Applying Data Assimilation and Adjoint Sensitivity to Epidemiological and Policy Studies of Airborne Particulate MatterEPA Grant Number: R833865
Title: Applying Data Assimilation and Adjoint Sensitivity to Epidemiological and Policy Studies of Airborne Particulate Matter
Investigators: Stanier, Charles , Carmichael, Gregory R. , Field, R. William , Krewski, Daniel , Kumar, Naresh , Oleson, Jacob J.
Institution: University of Iowa , University of Ottawa
EPA Project Officer: Ilacqua, Vito
Project Period: February 1, 2009 through January 31, 2013 (Extended to January 31, 2014)
Project Amount: $899,401
RFA: Innovative Approaches to Particulate Matter Health, Composition, and Source Questions (2007) RFA Text | Recipients Lists
Research Category: Health Effects , Particulate Matter , Air
Source-resolved fine particulate matter (PM) concentrations are needed at high spatial and temporal resolutions for epidemiological studies aimed at identifying more- and less-harmful types of PM. Building on recent advances in air quality modeling, data assimilation, and satellite remote sensing, we aim to develop improved estimates of daily source-resolved PM2.5 at 36 km spatial resolution for major U.S. cities, and at 4 km for Chicago from 2001-2004. The estimates will be made available for public download by other researchers, and used in pilot-scale epidemiological studies to demonstrate one of the many applications of source resolved PM2.5 at greater spatial-temporal resolutions.
(1) Evaluate data assimilation (DA) methods for combining the “ground truth” of observations, especially chemically-speciated filter measurements, with the high spatial-temporal resolution of source-oriented air quality models. (2) Demonstrate the utility of source-resolved PM2.5 in epidemiological studies and develop best practices for the use of assimilation in conjunction with health studies. (3) Demonstrate the utility of target-oriented and adjoint sensitivity methods for determining the spatial representativeness of samplers, and for visualization of relationships between user-defined air quality/health targets and spatially-resolved emissions.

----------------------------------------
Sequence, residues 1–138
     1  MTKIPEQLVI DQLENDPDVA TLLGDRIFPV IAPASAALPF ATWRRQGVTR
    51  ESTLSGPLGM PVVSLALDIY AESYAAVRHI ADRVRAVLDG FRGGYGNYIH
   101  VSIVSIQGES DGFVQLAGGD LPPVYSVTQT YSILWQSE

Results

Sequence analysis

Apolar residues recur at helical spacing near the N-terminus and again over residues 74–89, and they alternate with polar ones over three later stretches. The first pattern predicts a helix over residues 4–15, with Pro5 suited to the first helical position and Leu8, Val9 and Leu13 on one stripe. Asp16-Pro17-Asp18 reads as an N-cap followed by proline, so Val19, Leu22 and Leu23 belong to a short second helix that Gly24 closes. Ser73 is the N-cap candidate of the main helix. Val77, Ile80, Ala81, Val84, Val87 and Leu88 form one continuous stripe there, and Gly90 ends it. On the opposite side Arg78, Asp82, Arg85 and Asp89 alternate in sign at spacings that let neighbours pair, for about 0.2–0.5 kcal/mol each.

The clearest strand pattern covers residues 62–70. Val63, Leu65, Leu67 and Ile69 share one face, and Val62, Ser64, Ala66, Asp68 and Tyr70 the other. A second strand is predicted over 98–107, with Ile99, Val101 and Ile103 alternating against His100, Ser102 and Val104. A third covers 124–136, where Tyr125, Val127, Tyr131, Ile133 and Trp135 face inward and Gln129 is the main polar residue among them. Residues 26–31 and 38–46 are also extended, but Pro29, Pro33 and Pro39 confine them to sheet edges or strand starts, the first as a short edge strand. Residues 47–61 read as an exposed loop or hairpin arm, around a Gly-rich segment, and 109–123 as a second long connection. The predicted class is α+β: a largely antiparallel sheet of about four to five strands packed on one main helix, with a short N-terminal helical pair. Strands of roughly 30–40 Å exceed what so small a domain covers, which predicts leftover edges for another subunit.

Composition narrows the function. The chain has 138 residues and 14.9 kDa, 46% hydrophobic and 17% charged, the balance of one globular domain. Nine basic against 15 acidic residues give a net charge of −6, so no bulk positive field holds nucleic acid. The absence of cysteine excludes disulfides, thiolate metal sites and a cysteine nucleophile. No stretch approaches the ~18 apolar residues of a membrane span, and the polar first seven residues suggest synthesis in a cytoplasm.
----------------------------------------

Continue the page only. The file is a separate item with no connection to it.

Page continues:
The proposed data assimilation will integrate a variety of data (STN and IMPROVE speciated filters, FRM PM2.5 mass, MODIS satellite aerosol product) to constrain PM2.5 predictions from the CMAQ air quality model. Data assimilation will be performed using both optimal interpolation and 4 dimensional variational (4Dvar) methods. Eight primary source categories and secondary sulfate will be constrained. The approach utilizes the Chemical Mass Balance technique to estimate source-resolved factor loadings from speciated filters. An adjoint of a reduced version of CMAQ will be developed for 4Dvar calculations. The performance of data assimilation will be quantified by the improvements in predictive ability against high quality campaign measurements. Health effects datasets are (i) the ACS II cohort; and (ii) daily census-tract resolved cause-specific mortality from Chicago for 2001-2004. The use of source-resolved vs. total PM2.5, and the effects of intra-urban spatial variation and data assimilation choices, will be investigated by statistical analysis of particulate air pollution in Chicago (at 4 km resolution) and observed health effects. Statistical models will include random spatial effects Cox proportional hazard and Bayesian hierarchical models.
The proposed activities will enable more efficient public policies through development of techniques that identify the most harmful PM fractions and sources. Specific results include: (1) assessment of the influence on PM2.5 concentration estimates when the proposed DA is used; (2) assessment of the changes in relative risks and confidence intervals in health effect studies due to selection of the source-apportionment method; (3) quantification of computational effort; and (4) demonstration of the utility of target-oriented analysis to air pollution policy questions.